Some, the women said, simply refused to believe it happened.
The danger is then, Zaghloul explained, that we do not talk about it, “silence is always a sign of consent.” It becomes a self-perpetuating cycle.
The way that the subject has been treated in the international media contributed to the problem.
One of the earliest documentations of a Tahrir-based mob attack involved CBS News TV correspondent Lara Logan, on the night Mubarak was toppled.
The incident appeared unique, El-Naqqash explained, the pattern of these assaults had not been documented; female activists had commented that Tahrir had been harassment-free during the preceding 18 days.
“There was a racist element to the coverage: Lara is blond, a famous journalist and foreign, she was attacked by Egyptian men.”
This has been taken to extremes by “political commentators” like conservative American writer Debbie Schlussel who blamed Islam for Lara Logan’s attack.
In a 29 June blog post about Smith, Schlussel wrote: “in the case of Egypt, there isn’t civilisation. Just a mob of savage Muslims thirsting for uncovered, naive Western journalist female genitals to violate”.
In the wake of this type of backlash, people accused Logan, however wrongly, of trying to discredit the revolution, El-Naqqash, explained.
This is an ongoing problem, as protesters continue to fight a PR battle with a state media machine that portrays them as thugs and spies, making women less likely to come forward.
“The accounts, like Logan’s, have been described with an over-simplified Orientalism removed from any socio-political context: the “savages attacking” is not helpful,” Lambert said. She had previously refrained from giving a public testimony of what happened to her in February for fear that her story would be told “irresponsibly.”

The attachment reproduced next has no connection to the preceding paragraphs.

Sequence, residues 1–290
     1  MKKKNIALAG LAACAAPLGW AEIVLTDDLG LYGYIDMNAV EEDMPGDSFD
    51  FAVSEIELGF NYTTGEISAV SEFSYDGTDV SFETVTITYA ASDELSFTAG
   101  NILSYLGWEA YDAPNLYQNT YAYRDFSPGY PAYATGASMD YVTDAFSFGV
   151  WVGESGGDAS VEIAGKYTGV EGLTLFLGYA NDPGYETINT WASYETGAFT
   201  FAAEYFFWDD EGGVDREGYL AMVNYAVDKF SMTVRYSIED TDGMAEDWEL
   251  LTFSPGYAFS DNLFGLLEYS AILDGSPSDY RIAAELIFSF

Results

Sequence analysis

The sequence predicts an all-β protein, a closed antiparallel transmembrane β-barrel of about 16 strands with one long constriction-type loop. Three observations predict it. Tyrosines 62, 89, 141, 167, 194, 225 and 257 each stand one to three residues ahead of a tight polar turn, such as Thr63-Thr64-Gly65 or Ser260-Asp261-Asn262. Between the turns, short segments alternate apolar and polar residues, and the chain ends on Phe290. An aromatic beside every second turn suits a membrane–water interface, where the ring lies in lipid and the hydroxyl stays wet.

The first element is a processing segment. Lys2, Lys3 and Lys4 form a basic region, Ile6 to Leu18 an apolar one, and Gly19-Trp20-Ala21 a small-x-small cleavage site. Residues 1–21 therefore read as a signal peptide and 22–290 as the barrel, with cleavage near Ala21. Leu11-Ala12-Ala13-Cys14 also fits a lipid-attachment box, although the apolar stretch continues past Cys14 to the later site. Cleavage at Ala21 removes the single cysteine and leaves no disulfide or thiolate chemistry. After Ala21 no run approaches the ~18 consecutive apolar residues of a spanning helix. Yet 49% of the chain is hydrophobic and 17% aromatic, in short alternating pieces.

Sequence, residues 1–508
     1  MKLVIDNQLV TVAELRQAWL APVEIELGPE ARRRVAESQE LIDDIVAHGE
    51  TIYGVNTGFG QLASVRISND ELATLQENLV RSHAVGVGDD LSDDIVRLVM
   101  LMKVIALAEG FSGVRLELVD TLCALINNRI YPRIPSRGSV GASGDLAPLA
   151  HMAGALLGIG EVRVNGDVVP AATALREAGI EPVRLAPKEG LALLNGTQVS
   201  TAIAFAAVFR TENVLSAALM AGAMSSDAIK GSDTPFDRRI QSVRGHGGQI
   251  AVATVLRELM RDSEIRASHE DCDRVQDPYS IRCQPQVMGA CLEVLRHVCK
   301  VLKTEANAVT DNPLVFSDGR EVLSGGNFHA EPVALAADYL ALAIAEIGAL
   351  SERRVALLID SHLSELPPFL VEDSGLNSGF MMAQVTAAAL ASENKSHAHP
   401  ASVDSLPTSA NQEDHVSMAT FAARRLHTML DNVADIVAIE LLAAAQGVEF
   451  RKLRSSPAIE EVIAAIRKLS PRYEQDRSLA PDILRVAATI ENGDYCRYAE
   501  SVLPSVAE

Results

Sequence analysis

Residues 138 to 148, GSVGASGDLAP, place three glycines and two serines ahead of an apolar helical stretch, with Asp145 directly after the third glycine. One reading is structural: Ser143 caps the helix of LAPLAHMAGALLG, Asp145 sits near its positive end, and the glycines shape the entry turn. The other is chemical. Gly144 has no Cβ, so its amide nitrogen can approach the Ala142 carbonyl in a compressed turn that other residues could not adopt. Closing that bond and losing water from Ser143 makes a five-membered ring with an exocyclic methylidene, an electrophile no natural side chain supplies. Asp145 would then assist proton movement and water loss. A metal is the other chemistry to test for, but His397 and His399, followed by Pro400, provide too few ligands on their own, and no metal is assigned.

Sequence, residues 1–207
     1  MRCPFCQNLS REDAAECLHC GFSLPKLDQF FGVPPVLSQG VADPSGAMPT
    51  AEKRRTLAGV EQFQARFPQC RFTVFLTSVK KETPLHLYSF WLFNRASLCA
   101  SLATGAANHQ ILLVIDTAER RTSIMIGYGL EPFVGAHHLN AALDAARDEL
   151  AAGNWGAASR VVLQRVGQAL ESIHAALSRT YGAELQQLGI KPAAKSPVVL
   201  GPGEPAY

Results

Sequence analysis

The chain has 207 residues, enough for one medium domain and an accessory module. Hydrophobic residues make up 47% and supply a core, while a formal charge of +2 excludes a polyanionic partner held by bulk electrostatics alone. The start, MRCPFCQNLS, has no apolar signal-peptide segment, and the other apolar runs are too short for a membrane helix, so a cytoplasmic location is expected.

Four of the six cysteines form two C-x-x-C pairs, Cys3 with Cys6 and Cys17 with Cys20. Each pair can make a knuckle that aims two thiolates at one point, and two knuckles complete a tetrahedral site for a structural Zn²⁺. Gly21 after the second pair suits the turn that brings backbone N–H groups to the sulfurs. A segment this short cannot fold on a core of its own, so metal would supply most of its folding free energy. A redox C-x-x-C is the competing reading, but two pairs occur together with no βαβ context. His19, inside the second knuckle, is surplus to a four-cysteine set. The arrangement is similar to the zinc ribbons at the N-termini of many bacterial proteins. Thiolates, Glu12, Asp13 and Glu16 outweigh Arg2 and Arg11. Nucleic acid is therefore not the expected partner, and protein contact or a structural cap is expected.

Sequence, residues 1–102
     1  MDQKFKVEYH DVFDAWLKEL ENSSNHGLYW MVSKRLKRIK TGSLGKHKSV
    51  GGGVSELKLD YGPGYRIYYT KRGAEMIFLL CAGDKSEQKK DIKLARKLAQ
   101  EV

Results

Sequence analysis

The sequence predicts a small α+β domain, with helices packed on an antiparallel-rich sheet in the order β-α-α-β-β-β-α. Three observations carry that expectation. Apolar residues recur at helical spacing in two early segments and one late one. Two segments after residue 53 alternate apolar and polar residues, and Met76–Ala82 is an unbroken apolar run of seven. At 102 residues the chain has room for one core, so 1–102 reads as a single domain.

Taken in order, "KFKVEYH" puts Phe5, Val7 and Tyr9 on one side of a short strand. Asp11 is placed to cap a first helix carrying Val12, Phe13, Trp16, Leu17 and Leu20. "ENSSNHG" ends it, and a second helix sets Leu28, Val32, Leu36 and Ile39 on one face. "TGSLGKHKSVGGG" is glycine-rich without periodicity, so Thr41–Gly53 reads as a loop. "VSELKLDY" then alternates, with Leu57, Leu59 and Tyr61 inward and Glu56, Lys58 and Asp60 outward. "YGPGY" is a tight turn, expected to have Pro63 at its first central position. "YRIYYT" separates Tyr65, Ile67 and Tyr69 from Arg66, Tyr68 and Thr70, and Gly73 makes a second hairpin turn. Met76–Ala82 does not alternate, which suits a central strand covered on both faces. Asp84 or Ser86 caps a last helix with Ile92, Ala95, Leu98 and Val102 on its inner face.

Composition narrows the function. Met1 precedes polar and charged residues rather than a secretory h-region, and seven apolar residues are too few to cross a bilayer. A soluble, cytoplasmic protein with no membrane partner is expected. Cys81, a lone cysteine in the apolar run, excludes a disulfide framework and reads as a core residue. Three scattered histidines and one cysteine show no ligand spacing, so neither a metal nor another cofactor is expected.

“Particularly in international media, the testimonies are sensationalist and sexualised – this graphic and fetishised way of talking about the subject, with no discussion of the issues surrounding it, is actually quite insulting to the victim.”
Lambert believes this hijacks real conversation, “making women, whether Egyptian or foreign, unwilling to open up – a major setback for any initiatives trying to stop it from happening.”
The human cost
Lumping the issue of premeditated violent assault with daily opportunist sexual harassment has further muddled the issue. This is particularly so in terms of support for the survivors, many of whom suffer from Post-Traumatic Stress Disorder and need specialist help and support.
“Victims feel humiliated, helpless. Many experience flashbacks, insomnia, restlessness and also hyper arousal – sounds become intolerable, they can’t be on the streets,” Hamad explains. “In extreme cases they become completely isolated avoiding all stimulae.” One patient, she recalled, was in such a state of shock that she could not speak.
Navarro said she could not leave her apartment for three days, “the day-to-day sexual harassment on the street was so bad that it doesn’t allow you to heal.” She is consequently moving to a residential area of Cairo as she “can’t take downtown anymore.”
There are still many unanswered questions that need to be addressed: there have been no thorough investigations into these mass assaults, we do not even know how many times they have occurred.
The fact that the issue is grounded in larger societal problems has yet to be confronted. In all the testimonies that Ahram Online gathered, the women mentioned onlookers who either verbally encouraged the violence or simply did nothing to prevent it.
As El-Naqqash points out, “15 individuals of a group of attackers might be affiliated with the security forces but the numbers are so huge there must be other random men who just join in.”
There are no signs of the activists giving up or the initiatives dwindling any time soon.
“The image of my friend, lying on the floor, sobbing, her clothes torn off will haunt me forever,” said Zaghloul, “Nobody should suffer like the way we suffered, we’re not going to stop until we bring them to justice.”